Premier Hybrid Cars Sdn Bhd, (PHC) the country’s sole dedicated franchise hybrid importer and distributor, says it will sell hybrid cars at a slightly lower price than conventional cars.
The move is expected to cause ripples in the market, as industry players and analysts were expecting hybrid cars to be priced slightly higher than conventional cars, despite the recent concessions given by the government to help promote the nascent sub sector.
“Reduction in duties may help auto companies to price hybrids close to conventional cars sold in Malaysia. Hybrid cars can cost 10 per cent to 67 per cent more (using Lexus in the US as a guide),” HwangDBS’ Malaysian research team wrote in a report this week.
Last month, the government slashed taxes on hybrids, giving 100 per cent exemption on import duty and 50 per cent off on excise duty, a move which HwangDBS feels is part of a wider plan to reduce subsidies on petrol consumption.
Industry players like PHC’s chairman Datuk Shahrin Zahari, who along with automotive trade groups had lobbied for the tax breaks, feel that there is more at stake, namely positioning Malaysia as the manufacturing and assembly hub for passenger vehicles.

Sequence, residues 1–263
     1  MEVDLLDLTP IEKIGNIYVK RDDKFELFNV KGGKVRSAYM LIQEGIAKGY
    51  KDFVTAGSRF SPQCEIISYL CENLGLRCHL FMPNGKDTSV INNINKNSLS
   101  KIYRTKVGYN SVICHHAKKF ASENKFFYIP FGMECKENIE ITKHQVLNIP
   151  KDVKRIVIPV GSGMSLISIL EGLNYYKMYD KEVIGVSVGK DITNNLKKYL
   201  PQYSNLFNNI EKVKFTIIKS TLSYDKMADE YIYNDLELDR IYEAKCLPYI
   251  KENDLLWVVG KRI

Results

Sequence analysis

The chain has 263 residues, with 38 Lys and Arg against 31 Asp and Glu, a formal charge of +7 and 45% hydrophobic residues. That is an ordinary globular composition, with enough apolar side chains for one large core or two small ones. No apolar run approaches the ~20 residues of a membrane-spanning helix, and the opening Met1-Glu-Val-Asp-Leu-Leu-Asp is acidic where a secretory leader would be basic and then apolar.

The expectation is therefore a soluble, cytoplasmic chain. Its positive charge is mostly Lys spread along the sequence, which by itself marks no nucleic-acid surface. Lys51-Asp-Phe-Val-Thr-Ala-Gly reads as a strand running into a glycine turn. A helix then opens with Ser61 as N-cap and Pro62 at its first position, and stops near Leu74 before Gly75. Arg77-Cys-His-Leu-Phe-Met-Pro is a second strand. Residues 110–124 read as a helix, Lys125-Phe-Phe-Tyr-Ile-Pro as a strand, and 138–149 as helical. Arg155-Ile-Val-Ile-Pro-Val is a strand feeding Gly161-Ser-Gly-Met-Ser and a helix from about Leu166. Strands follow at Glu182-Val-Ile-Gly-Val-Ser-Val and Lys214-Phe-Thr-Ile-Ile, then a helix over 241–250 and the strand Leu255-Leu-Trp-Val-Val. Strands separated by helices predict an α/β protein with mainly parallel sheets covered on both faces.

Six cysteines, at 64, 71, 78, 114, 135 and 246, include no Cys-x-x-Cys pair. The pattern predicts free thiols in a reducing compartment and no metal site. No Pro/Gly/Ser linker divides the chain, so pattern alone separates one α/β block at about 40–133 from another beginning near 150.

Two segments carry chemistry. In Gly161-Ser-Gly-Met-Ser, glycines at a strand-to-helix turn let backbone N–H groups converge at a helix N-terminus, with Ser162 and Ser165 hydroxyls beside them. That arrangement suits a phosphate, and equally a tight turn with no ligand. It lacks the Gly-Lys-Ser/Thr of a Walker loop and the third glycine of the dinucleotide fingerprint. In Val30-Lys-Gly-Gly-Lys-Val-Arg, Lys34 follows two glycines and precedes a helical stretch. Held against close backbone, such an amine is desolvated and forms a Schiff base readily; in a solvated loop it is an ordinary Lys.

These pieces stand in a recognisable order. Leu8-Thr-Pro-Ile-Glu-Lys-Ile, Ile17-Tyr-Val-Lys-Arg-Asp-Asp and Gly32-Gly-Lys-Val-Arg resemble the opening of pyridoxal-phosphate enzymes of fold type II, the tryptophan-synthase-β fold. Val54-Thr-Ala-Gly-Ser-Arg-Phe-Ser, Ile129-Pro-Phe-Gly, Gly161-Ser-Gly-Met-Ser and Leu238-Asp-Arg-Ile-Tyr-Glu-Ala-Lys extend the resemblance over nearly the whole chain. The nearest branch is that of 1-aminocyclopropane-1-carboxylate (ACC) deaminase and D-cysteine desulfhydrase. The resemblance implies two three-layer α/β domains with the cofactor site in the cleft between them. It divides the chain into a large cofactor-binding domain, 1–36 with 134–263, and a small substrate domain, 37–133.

PHC will be selling the Honda Civic Hybrid, a hybrid version of the Honda Civic sedan, at slightly lower price than its conventional namesake.
“The price will be marginally lower…maybe by five per cent. We are still working with respective government departments on the pricing of the other hybrids,” said Shahrin.
He added that the company is willing to run at cost in some instances, as manufactures will only consider setting up an assembly plant for hybrids if a single market can absorb sales of 100 units a month.
PHC also imports and sells the Toyota hybrid versions, namely the Alphard and Estima.
Shahrin said PHC’s initial strategy is to sell Hybrids enbulk to multinationals and government linked companies, as they have the economies of scale to see savings to their fuel cost, and it would be easier for PHC to offer quality after sales services.
“Mind you, we not only have to sell the hybrid concept to the general public, but at the same time we have to build up a whole after sales and spare parts network from scratch,” said Shahrin, adding that by mid 2009, PHC should be poised to “attack” the consumer market.
His view is in sync with Hwang DBS’ internal projection that auto companies would ramp-up marketing efforts to sell hybrid cars in 2010, if they anticipate good demand.–NST